Two days ago, my first entry pecked away here in Argentina claimed absurdly hot and dry temperatures characterize the climate. That was true on that day, however the two days hence have offered a little bit of everything. So my assumption that Argentina is exclusively hot, dry, and full of friendly people is not quite true (well, the first two aren’t necessarily true. The final claim that everyone is friendly is so far extremely accurate. More on that later).
So day one exhibited temperatures reaching 42 degrees Celsius which is an uncomfortable touch over 107 degrees Fahrenheit, or in contemporary vernacular, “Wicked friggin’ hot.” It was dry and sunny and enough to make you feel unpleasantly toasty just by looking out the window. Here’s a photo I snapped as I stepped outside our hotel of the Liquigas-Cannondale South American support vehicle convoy, complete with a trailer ideal for a vertically challenged mechanic. The trailer door comes to just above my navel, so you’re basically guaranteed to hit your head even by crawling on all fours in the trailer. Thankfully I ride my bike and therefore don’t need to spend more than 0 minutes in there. Look carefully by the driver’s door; I’m fond of the engine snorkel just in case there are any 2+ meter water crossings. Not knowing what we might encounter, I think the only thing lacking here is a snowplow.
The following day was significantly cooler in the morning. Furthermore we were blessed with the added excitement of about seventeen raindrops falling over the course of yet another training ride. Cooler temperatures and undeniable signs that it actually rains here – THAT’S good stuff. It was clear to me that things were bound to start off well that particular day, because I descended to breakfast and found a pair of matching team issue man-purses reserving the patrons’ seats. I prefer to put my book or perhaps my butt in the seat to stake claims to seating rights. Turns out that man-purses serve the same purpose.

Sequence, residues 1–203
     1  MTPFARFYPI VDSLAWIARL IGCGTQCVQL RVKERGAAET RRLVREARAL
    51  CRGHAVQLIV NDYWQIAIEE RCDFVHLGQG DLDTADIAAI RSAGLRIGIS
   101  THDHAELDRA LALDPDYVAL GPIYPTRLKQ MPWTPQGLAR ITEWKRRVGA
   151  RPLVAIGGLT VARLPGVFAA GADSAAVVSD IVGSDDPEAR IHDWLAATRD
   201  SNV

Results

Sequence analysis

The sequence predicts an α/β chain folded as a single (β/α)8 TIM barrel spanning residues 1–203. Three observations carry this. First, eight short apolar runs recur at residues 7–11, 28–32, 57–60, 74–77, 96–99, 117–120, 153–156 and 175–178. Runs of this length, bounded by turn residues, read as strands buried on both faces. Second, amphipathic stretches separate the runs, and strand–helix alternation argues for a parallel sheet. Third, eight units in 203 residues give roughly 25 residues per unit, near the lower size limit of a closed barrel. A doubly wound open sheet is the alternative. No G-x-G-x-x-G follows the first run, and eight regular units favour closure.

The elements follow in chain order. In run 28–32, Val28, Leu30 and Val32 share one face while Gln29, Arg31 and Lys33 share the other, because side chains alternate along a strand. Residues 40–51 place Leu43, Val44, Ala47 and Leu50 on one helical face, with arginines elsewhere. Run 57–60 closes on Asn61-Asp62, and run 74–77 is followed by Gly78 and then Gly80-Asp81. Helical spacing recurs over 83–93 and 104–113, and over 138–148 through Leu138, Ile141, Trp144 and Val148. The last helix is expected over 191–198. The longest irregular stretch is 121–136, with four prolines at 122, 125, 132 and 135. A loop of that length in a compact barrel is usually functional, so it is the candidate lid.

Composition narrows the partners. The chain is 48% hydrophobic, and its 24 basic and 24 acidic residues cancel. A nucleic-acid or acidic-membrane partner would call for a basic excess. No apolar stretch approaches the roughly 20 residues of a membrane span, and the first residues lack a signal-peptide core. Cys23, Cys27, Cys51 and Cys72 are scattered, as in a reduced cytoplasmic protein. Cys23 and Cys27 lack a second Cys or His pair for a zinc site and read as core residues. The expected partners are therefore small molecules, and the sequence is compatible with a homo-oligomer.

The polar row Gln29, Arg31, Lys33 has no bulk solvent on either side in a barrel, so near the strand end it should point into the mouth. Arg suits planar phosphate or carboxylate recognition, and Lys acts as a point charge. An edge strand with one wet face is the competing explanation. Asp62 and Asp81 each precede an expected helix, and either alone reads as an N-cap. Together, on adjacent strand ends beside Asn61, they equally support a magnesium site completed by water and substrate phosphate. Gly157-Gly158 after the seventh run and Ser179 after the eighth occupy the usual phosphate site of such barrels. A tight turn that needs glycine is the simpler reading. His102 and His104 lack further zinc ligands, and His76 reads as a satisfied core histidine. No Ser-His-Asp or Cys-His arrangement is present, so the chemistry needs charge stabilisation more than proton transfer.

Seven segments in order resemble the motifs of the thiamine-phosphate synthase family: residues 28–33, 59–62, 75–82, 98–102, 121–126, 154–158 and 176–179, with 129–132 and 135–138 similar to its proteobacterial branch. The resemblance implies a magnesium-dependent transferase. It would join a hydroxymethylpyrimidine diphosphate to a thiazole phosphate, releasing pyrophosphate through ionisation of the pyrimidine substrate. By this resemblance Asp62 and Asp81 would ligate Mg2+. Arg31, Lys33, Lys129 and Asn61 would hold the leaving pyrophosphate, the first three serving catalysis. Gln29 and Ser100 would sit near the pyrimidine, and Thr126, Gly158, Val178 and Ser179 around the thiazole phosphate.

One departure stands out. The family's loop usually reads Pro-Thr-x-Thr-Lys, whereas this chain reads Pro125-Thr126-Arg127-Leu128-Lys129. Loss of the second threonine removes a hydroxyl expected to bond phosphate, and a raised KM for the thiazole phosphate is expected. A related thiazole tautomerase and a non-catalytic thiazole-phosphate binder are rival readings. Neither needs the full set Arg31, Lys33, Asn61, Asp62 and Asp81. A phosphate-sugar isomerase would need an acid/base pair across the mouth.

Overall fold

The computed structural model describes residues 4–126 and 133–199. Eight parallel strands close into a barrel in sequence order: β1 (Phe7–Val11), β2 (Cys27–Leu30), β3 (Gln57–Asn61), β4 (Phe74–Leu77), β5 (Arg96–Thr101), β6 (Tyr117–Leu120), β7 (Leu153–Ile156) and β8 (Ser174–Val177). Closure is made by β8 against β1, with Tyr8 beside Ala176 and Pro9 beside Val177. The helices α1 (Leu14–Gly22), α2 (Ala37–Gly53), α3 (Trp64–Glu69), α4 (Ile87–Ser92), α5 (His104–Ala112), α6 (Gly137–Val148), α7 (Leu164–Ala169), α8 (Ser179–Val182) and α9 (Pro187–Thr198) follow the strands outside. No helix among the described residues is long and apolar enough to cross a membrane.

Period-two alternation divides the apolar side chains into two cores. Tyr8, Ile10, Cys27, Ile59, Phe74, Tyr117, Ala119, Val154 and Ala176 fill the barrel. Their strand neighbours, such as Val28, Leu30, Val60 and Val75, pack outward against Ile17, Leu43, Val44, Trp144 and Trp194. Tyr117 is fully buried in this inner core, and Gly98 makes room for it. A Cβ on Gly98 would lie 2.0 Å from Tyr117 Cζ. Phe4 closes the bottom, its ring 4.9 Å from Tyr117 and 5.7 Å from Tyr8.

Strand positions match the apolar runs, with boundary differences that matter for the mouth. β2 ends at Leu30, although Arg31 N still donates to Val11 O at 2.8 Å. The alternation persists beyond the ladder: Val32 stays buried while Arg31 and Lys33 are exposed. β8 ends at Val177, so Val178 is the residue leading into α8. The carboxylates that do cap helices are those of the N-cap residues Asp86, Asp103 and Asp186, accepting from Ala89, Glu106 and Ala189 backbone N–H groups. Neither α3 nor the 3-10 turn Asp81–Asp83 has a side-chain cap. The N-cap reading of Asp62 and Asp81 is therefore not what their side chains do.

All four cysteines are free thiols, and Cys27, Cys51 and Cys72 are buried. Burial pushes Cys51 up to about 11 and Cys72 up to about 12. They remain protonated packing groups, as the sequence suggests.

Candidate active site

That day two was further enhanced by riding for a short stint with a very friendly group of Argentinian cyclists. I had the pleasure of riding along with a fellow named Pampa. I spoke Spanish back in my high school days with the abrupt un-fluidity of your typical American bi-linguist who did not start his second language in kindergarden. That is to say, I speak some Spanish. But with the many similarities of Spanish and now my new, native Italian tongue, I frequently find myself tongue tied speaking some sort of Span-alia-ish while trying to communicate here in the southern hemisphere… complete with hand gestures when I can’t get my point across.
Cutting to the point, I learned from my nuevo amigo Pampa while riding along together past the vast expanses of rolling green fields that Argentina is the 2nd leading exporter of corn in the world and the 3rd leader in soy. Moreover, they will soon be exporting these crops to China. Which is absolutely stunning to me since I figured China was entirely self sufficient by now and certainly telling about just how abundant those crops are here.
Corn fields on a somewhat cloudy day:
One thing you cannot export is an awesome hairdo. And I hairdid! (…thank you, thank you, I’ll be here all night). I think it looks like a clone to Homestar Runner’s 2003 Halloween costume. Given how hot it is here in Argentina, this particular coif is more about style than function. We’ll see how long it lasts.
And continuing the theme of Argentinian exports, I found on my recent cruise through the grocery stores to be fully stocked (and therefore, they’re likely exporting) such fine breakfast offerings as these. However, unable to decide between Best Bran and Good Bran I opted for the lesser known and poorly selling Average Bran.
And lastly, onto the gratuitous friendly nature of the local folks here. I’ve obviously only experienced a small slice of Argentina, but at seemingly every opportunity people go out of their way to encourage us, show their support, and cheer us on… mind you, this is on training rides. Every second or third car that passes us (as we’re training on the country’s main two-lane highways) lets out a festive toot with hands clapping, cameras flashing out the window, and giddy oles of encouragement. Cars frequently pass us and stop on the side of the road to catch the fly-by photo op’. And it was during the aforementioned bran cereal grocery shop that a very kind old woman and her grandson approached me and asked me all about how I’m liking Argentina, how we expect the racing to go, how’s the weather (ahem, why such a boring blog post is important), and plenty of other stuff. At which point I continued to hone my Span-alia-ish to her delight.